It's funny when you interrupt a noun

I pondered the mystery of the unpopular quotes and came up with a new hypothesis. People don't like interrupted sentences per se; they like interrupted noun phrases. Specifically, they like it when a noun phrase is truncated to a normal noun. Here are a few @horse_ebooks quotes that were extremely popular:

Clearly "computer", "science", "house", "and "meal" were originally modifying some other noun, but when the sentence was truncated they became standalone nouns. Therefore, humor.

How can I test my hypothesis without access to the original texts from which @horse_ebooks takes its quotes? I don't have any automatic way to distinguish a truncated noun phrase from an ordinary noun. But I can see how many of the @horse_ebooks quotes end with a complete noun phrase. Then I can compare how well a quote does if it ends with a noun phrase, versus a noun that's not part of a noun phrase.

About 4.5% of the total @horse_ebooks quotes end in complete noun phrases. This is comparable to what I saw in the data I generated for @pony_strategies. I compared the popularity of quotes that ended in complete noun phrases, versus quotes that ended in standalone nouns.

Quote ends in Median number of retweets
Standalone noun 330
Noun phrase 260
Other 216

So a standalone noun does better than a noun phrase, which does better than a non-noun. This confirms my hypothesis that truncating a noun phrase makes a quote funnier when the truncated phrase is also a noun. But a quote that ends in a complete noun phrase will still be more popular than one that ends with anything other than a noun.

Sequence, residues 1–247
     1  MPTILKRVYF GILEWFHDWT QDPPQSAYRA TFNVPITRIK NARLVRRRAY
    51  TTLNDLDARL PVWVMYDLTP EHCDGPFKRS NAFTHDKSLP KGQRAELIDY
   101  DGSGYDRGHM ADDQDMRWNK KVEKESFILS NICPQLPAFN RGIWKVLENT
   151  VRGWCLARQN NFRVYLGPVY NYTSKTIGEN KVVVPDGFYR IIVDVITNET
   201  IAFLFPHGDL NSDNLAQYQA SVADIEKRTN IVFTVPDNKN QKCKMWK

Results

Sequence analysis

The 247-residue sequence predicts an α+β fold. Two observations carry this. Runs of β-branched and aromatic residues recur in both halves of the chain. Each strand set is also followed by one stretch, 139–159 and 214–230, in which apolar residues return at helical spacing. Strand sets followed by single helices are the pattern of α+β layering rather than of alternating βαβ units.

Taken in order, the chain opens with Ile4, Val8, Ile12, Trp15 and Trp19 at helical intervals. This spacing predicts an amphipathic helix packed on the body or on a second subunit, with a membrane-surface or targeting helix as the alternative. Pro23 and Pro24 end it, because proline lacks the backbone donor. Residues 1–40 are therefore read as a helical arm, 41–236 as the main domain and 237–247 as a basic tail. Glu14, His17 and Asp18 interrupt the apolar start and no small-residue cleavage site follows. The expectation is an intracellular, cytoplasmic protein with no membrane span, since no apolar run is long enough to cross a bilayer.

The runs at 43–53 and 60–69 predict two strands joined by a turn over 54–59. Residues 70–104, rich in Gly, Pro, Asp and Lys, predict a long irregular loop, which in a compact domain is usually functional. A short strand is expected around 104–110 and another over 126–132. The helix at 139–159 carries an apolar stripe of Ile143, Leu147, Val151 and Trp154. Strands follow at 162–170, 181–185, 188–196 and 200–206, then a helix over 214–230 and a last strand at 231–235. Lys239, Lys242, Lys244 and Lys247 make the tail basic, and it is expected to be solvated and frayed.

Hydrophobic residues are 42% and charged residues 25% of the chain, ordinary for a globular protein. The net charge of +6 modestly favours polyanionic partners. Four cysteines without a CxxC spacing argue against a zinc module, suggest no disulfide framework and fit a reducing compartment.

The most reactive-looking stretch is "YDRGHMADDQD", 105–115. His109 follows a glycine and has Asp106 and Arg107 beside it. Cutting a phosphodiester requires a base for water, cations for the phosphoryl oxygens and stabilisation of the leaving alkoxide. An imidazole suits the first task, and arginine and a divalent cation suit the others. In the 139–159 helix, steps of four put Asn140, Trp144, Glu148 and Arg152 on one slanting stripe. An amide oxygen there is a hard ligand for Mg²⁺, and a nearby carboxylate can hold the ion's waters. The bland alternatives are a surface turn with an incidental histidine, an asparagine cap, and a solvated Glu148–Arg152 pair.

At the time I did this research, I had about 2.5 million potential quotes taken from the Project Gutenberg DVD. I was looking for ways to rank these quotes and whittle them down to, say, the top ten percent. I used the techniques that I mentioned in my previous post for this, but I also used quote length, capitalization, and punchword part-of-speech to rank the quotes. I also looked for quotes that ended in complete noun phrases, and if truncating the noun phrase left me with a noun, most of the time I would go ahead and truncate the phrase. (For variety's sake, I didn't do this all the time.)

This stuff is currently not in olipy; I ran my filters and raters on the much smaller dataset I'd acquired from the DVD. There's no reason why these things couldn't go into olipy as part of the ebooks.py module, but it's going to be a while. I shouldn't be making bots at all; I have to finish Situation Normal.